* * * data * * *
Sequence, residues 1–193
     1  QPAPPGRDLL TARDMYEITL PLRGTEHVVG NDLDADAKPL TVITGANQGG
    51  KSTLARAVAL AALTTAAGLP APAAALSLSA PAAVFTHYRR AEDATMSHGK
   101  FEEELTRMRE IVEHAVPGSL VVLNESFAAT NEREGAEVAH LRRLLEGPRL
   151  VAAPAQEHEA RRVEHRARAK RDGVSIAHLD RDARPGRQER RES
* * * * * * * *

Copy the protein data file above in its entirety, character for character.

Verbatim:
Sequence, residues 1–193
     1  QPAPPGRDLL TARDMYEITL PLRGTEHVVG NDLDADAKPL TVITGANQGG
    51  KSTLARAVAL AALTTAAGLP APAAALSLSA PAAVFTHYRR AEDATMSHGK
   101  FEEELTRMRE IVEHAVPGSL VVLNESFAAT NEREGAEVAH LRRLLEGPRL
   151  VAAPAQEHEA RRVEHRARAK RDGVSIAHLD RDARPGRQER RES